I can't add anything to the basic question of why the chord sounds "good" as that is above my paygrade! (LOL) In other words, why does any chord sound "good" or "bad"? This is a question of tradition, context, and personal aesthetics, so I try not to use these two words to describe any chord or tone cluster.
The part where I do want to add my two cents actually has to do with a couple of other things:
I know that ever since Jimi Hendrix wrote and performed "Purple Haze" and "Foxy Lady," people have called the 7th/#9th chord the "Hendrix chord." It's a nice tribute, but in truth, the chord has a long history in jazz and blues before Hendrix. Eric Clapton used it when he played with John Mayall's Bluesbreakers, and I can pretty much guarantee he didn't hear it from Jimi! :-)
It may be a lost point on some heads, but we need to be careful about treating the #9th (augmented ninth) in this chord as if it were a b3 (flat third or minor third). Here's why: When you first learn how to build chords on a chordal instrument, you usually learn first where to put your fingers, then either the names of the notes or their intervals. If we look at the 7th/#9 chord (in music theory context, I prefer the term Dominant Augmented 9th) in "Purple Haze," the song is mostly in a blues E tonality, and the famous chord has an E root. So, the intervals in the chord (ignoring voicing) are: Root, Major Third, Perfect Fifth, Minor Seventh, and Augmented Ninth. This resolves to the note names: E, G#, B, D, and Fx (F double sharp).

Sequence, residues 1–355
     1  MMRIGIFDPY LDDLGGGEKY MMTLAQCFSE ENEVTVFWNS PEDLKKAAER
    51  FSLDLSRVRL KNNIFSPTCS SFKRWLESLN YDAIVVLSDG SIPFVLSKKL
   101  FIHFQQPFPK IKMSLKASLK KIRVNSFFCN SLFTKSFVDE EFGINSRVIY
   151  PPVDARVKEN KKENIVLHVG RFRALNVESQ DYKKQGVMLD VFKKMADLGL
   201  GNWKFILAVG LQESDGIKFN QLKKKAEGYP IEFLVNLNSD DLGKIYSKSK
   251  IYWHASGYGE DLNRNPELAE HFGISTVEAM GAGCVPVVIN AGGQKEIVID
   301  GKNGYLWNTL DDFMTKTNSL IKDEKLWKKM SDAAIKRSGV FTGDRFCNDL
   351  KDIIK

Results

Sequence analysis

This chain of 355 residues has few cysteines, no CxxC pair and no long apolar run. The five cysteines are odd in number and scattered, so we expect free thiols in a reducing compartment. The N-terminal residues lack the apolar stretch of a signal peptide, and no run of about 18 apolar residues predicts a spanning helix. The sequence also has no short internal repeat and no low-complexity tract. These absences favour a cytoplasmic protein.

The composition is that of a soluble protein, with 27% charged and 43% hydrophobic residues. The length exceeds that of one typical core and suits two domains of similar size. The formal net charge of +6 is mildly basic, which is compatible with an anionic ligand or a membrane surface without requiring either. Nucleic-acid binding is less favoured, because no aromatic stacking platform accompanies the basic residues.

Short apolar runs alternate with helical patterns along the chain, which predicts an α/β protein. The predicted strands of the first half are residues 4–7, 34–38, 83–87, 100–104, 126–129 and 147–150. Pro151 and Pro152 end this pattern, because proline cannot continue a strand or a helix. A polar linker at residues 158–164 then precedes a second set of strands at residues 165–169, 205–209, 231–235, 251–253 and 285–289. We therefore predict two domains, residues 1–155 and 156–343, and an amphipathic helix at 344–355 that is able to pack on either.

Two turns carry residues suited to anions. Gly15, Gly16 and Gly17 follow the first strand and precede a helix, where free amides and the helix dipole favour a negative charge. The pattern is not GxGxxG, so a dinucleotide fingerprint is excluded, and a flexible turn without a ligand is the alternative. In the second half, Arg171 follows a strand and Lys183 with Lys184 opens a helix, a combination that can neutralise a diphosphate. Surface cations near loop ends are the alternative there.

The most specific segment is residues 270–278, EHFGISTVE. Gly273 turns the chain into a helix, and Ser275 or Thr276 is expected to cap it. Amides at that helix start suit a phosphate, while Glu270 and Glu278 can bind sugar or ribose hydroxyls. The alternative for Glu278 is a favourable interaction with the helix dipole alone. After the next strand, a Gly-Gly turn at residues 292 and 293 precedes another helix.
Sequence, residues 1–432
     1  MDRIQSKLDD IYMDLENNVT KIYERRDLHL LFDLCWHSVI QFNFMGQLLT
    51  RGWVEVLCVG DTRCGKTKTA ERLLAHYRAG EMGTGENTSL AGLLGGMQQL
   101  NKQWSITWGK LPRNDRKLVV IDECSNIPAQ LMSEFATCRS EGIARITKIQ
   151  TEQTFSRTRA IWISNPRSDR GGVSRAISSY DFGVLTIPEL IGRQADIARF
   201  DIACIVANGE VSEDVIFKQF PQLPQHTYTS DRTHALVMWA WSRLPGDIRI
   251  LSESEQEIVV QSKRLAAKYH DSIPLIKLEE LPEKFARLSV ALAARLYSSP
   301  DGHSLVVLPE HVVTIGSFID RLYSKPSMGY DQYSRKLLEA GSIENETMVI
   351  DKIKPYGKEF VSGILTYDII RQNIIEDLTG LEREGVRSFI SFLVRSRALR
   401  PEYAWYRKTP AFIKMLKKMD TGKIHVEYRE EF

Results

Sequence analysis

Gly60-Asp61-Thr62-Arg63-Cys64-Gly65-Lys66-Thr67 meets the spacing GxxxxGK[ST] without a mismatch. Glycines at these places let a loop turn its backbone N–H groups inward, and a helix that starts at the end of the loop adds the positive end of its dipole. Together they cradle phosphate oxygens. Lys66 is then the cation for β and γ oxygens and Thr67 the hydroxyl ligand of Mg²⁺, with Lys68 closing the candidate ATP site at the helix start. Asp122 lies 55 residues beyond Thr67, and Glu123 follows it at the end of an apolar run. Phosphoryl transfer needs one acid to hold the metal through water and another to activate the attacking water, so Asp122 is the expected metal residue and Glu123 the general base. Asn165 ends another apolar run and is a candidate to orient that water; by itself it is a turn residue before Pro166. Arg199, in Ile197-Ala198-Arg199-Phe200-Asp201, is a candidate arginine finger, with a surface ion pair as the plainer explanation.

"F DOUBLE SHARP? Are you sh**ting me?" Wouldn't it be simpler to just call that last note a G natural, since that's what you see when you play it on a guitar or keyboard? Nope. Here's why: Any ninth above a root is going to have the same generic note name as a second. If Jimi had played a "regular" 9th chord instead of this more interesting version, we wouldn't have an issue, right? Root (E), Major Third (G#), Perfect Fifth (B), Minor Seventh (D), and Major Ninth (F#). Guitar players can play that one all day, barred at the fifth fret, yes? But what if you want to play an E7/b9 (Dominant Diminished 9th), as in John Lennon's song on the Beatles' Abbey Road album, "She's So Heavy"? That would be E, G#, B, D, F. Again, no problem, and this is another chord even more familiar in the jazz harmonic lexicon, but it sure sounded weird to our rock ears when that album came out, especially with those percussive rhythms!
The point is, all of these versions of a 9th stacked up on an E Dominant 7th chord have some flavor of F, because any 9th interval above a root of E has to be some form of F: NEVER a G! Please let me know if this doesn't make sense.
P.S. I recognize that, especially for more modern composers from the Impressionists onward, who often write linearly, and don't care so much about the names of whatever chord temporarily falls out of the woodwork, there might not be a problem with having a G# and a G natural occurring at the same time over an E root! That's a totally different topic for another day, but think of it this way: In a piece with an A minor tonality, adhering to the rules for the A minor melodic scale in a contrapuntal piece might find you using G# in one instrument playing the ascending version of A minor melodic (A, B, C, D, E, F#, G#, A) while another instrument simultaneously plays a passage using the descending version of A minor melodic (A, B, C, D, E, F, G, A, or more likely going down: A, G, F, E, D, C, B, A). The collision between G# on the way up and G on the way down will make some people cringe like it was a wrong note, and other people sigh, thinking: Ohh, sounds like Hendrix! Isn't music just the most wonderful, mind-blowing thing sometimes?
In the words of Joe Pike: Stay Groovy!